Pedro Almodovar has said that “Pain and Glory” isn’t an autobiography. But, as an exploration of an aging Spanish director who believes he’s too ill and infirm to keep making films, but is lost without movies in his life. It is the most personal movie of his four-decade career.
It’s also his best picture in years as it demonstrates that a 70-year-old master filmmaker can take a new turn in his work to make it touching and evocative.
The turn is quiet -- a move away from Almodovar’s oft-funny melodrama to closely observed drama. And it is carried by an Oscar-caliber performance by Antonio Banderas, who moves away from broad movie star performance to a restrained portrayal of a crippled man, physically and emotionally.
His physical ailments are instantly portrayed as the movie opens with the camera scanning up the surgically scarred back of Salvador Mello, underwater in a swimming pool. His emotional ailments are revealed more slowly as Mello stumbles along, often dozing and reflecting back on his childhood.
There, he’s seen as the talented 9-year-old son (well played by Asier Flores) of a poor, but demanding mother (a very effective Penelope Cruz, who is only in a few scenes), sent to Catholic seminary to get an education.
You have free articles remaining.
But his past truly starts to catch up with him as he tries to make peace with Alberto Crespo (Asier Etxeandia), the star of his 32-year-old classic film “Sabor” which has been restored by Madrid’s cinematheque.
Estranged since the film was released -- Salvador didn’t like Crespo’s performance -- the duo meet at the actor’s home and, in short order, Alberto introduces the troubled director to “chasing the dragon,” smoking heroin off tinfoil. The smack nod triggers more flashbacks for Mello, and sends him on another journey.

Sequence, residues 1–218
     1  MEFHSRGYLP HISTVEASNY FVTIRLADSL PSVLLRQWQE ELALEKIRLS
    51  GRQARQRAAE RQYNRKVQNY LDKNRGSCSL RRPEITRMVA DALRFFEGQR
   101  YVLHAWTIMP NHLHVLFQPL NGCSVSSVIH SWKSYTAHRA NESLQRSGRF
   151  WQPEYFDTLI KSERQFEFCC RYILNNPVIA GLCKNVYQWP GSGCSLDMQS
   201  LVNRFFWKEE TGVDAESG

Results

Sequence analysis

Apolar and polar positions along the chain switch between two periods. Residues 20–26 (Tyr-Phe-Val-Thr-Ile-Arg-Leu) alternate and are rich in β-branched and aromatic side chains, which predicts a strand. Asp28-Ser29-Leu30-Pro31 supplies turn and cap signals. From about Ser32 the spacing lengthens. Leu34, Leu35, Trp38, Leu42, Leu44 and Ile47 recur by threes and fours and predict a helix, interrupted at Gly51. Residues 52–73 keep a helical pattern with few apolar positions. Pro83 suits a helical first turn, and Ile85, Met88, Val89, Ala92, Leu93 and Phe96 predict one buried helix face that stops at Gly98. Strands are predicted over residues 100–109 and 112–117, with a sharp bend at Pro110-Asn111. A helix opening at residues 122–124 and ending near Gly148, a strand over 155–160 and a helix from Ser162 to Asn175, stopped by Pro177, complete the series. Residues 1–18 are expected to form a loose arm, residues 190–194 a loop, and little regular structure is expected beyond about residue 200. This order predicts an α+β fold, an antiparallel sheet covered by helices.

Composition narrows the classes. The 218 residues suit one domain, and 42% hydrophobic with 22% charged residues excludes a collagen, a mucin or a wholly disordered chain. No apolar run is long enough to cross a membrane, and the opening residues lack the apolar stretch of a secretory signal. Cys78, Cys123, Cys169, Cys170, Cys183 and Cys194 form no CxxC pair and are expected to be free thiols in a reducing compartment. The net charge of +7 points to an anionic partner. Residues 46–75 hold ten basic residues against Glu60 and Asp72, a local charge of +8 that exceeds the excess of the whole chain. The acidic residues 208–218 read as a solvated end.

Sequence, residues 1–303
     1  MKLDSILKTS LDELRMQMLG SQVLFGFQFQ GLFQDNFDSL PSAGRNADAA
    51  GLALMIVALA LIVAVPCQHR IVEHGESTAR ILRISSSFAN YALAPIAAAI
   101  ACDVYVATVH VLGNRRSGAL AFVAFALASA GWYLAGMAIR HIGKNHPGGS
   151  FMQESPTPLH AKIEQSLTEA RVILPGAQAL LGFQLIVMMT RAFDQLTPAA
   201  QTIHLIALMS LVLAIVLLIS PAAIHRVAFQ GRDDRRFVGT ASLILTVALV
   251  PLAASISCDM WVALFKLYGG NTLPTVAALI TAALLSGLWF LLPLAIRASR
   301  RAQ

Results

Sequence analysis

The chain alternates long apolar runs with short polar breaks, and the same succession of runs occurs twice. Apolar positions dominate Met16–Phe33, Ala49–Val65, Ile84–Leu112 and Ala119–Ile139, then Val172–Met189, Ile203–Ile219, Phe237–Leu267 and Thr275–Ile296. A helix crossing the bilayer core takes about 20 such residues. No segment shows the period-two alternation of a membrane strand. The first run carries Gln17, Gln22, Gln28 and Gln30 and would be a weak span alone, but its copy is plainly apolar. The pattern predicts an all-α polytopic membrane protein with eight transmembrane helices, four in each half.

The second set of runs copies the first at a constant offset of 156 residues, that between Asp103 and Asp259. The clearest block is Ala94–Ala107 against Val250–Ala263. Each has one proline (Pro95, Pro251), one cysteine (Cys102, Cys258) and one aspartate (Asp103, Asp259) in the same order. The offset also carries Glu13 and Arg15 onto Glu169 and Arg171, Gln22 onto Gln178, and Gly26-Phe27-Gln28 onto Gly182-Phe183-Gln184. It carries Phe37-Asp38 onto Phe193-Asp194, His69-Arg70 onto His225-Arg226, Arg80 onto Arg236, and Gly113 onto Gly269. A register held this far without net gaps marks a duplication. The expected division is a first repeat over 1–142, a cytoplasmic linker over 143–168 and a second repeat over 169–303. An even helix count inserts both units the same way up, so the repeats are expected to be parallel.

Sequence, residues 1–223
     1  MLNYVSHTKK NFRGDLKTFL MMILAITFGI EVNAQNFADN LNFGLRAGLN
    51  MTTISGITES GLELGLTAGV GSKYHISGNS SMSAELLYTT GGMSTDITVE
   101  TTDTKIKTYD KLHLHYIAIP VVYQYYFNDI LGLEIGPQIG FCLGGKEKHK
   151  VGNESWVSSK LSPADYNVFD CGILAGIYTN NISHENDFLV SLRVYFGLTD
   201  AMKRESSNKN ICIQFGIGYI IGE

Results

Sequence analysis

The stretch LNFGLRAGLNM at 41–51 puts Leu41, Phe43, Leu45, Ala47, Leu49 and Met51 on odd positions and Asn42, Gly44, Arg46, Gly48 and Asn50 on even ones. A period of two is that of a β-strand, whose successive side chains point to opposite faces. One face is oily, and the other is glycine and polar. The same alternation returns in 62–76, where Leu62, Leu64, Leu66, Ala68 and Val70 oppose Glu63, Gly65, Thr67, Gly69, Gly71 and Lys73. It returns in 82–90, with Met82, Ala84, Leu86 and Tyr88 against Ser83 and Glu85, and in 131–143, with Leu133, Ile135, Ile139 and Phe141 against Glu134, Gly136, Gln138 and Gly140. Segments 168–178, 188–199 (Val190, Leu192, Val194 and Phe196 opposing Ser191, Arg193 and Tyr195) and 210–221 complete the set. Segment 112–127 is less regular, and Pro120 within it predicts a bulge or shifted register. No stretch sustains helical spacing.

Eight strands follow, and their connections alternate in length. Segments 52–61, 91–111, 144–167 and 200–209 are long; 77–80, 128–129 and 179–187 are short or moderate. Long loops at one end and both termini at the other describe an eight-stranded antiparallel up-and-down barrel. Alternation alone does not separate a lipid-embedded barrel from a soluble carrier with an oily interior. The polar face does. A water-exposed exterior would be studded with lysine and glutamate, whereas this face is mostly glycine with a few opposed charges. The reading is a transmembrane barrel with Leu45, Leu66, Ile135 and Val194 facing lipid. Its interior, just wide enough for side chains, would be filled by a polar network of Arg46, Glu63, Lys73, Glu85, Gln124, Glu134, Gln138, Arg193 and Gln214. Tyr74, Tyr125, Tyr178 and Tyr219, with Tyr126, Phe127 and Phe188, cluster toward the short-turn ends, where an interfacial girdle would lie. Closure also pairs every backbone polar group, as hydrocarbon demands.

There’s no need to say more about what does or does not happen in “Pain and Glory,” Instead, it needs to be said that Almodovar movingly brings together all the elements of Salvador’s story into a rewarding surprise final scene.
Along the way, “Pain and Glory” is, like all his films, brilliantly colored and staged -- from the white rock caves where the young Salvador lived in a remote village to his museum quality painting-filled Madrid house and hospitals and doctor's offices that are the places he most visits.
With a cast of old collaborators (Banderas, Cruz, Julieta Serrano, Cecilila Roth) and some of Spain’s best, “Pain and Glory” is uniformly well acted, right down to the smallest of roles. And Banderas has never been better -- earning the best actor prize at the Cannes Film Festival.
Banderas has an outside shot at getting an Academy Award Best Actor nomination. “Pain and Glory” is a near shoo-in for a Best Foreign Language Film nod and very likely will get Almodovar his second Oscar for telling something of his own story on the screen.
Reach the writer at 402-473-7244 or firstname.lastname@example.org.
On Twitter @LJSWolgamott.